DAILY NEWS / 18 NOVEMBER 2017, 07:00 / CHRIS NDALISO
Durban - The SA Sugar Association (Sasa) has until month-end to scrap sugar levies to the SA Farmers Development Association (Safda) and some of its “anti-transformation” regulations.
This comes after a long battle between the SA Cane Growers' Association (Sacga), a Sasa-recognised association, and Safda, an association formed by black cane growers who broke away from Sacga over anti-transformation practices.
Image - IOL
The matter landed in the Department of Trade and Industry portfolio committee last week. The committee instructed Sasa, the regulatory body of the sugar industry, to report back to the committee by the end of the month on the progress done in scrapping the repressive regulations.
Safda made a presentation to the committee showing how Sasa’s rules deprived black small-scale emerging sugar cane growers.
Chairman Siyabonga Madlala said Sasa did not represent emerging cane growers.
“It’s been two years since we became independent because our needs were not attended to. Small-scale cane growers are the majority in the industry, yet they are undermined.
“Sasa regulations force us to participate under Sacga as it (Sasa) only recognises them. Sasa takes our levies and pumps them back to Sacga, which in turn uses the levies to fight against transformation in the industry,” Madlala said.
He said the committee agreed that Sasa should change the regulations that were unconstitutional. Safda has more than 2500 registered members across KwaZulu-Natal and Mpumalanga.
“They (Sasa) must report back on November 29 or face dissolution. This is long-overdue; emerging growers have been taken for a ride,” he said.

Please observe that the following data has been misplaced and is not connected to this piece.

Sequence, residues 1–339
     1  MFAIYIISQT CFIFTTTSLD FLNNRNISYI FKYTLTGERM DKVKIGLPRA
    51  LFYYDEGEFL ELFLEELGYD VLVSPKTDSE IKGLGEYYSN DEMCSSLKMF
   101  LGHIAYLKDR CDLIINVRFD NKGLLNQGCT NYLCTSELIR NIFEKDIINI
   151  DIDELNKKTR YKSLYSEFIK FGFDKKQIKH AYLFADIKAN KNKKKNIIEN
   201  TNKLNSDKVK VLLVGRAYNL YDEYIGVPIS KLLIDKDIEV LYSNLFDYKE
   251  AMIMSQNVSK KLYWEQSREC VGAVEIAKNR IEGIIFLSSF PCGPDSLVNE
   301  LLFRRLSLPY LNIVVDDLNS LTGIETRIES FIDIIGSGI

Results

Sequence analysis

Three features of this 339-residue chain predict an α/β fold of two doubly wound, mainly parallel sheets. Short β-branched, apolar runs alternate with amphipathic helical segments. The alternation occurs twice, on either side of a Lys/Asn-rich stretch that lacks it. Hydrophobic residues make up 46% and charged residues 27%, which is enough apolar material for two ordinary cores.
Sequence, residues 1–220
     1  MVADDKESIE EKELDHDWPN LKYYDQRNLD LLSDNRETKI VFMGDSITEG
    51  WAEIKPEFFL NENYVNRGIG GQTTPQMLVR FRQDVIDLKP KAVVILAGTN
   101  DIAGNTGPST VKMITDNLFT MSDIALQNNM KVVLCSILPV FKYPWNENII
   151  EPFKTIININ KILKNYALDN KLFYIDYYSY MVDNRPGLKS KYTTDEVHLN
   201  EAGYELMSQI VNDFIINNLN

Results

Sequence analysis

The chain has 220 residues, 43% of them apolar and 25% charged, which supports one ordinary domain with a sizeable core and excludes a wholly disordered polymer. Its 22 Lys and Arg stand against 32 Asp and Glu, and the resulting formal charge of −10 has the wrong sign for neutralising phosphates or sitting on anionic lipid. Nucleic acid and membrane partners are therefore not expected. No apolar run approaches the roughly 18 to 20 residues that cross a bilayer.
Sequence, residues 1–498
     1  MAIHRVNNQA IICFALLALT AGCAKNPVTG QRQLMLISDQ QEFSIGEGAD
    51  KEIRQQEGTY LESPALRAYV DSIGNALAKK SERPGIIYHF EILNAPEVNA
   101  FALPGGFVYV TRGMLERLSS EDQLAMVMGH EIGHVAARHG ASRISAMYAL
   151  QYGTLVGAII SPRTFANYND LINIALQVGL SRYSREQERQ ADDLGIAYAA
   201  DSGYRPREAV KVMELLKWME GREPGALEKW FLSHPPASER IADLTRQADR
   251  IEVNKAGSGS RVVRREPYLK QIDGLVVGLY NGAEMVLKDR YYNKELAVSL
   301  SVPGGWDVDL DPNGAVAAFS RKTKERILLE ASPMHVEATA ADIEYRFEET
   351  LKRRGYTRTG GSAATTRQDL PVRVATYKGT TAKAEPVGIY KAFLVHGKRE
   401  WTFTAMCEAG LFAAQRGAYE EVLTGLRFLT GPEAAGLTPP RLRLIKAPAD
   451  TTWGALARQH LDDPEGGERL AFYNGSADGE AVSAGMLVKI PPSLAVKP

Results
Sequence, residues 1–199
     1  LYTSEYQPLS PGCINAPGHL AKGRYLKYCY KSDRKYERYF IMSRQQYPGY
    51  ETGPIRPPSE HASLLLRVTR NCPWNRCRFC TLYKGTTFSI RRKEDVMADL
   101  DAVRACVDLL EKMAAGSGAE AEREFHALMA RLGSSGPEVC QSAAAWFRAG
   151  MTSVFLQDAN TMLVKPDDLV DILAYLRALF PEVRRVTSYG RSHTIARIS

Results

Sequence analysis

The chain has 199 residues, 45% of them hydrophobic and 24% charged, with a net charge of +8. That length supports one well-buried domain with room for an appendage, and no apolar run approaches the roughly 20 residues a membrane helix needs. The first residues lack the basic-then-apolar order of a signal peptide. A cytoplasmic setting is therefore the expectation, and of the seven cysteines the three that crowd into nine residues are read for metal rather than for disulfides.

The committee ruled that a broad-based black economic empowerment verification of the Sacga’s leadership and membership be done.
Committee chairwoman Joanmariae Fubbs said this was to determine the extent of black farmers’ representation.
“Safda made it clear that although Sacga had thousands of black cane growers as members, few actively participate in its administration,” Fubbs said.
The committee further resolved that levies paid by Safda members to Sasa be suspended with immediate effect, and that it amend its constitution to ensure that it recognised Safda as a player in the sugar industry.
Failure to report back to the committee by month-end would lead to the dissolution of Sasa’s constitution until the Sugar Act has been amended.
Sasa chairman Suresh Naidoo and Sacga chairman Graeme Stainbank would not comment on the matter.
LINK - https://www.iol.co.za/dailynews/sugar-industry-body-in-row-over-rules-12048376
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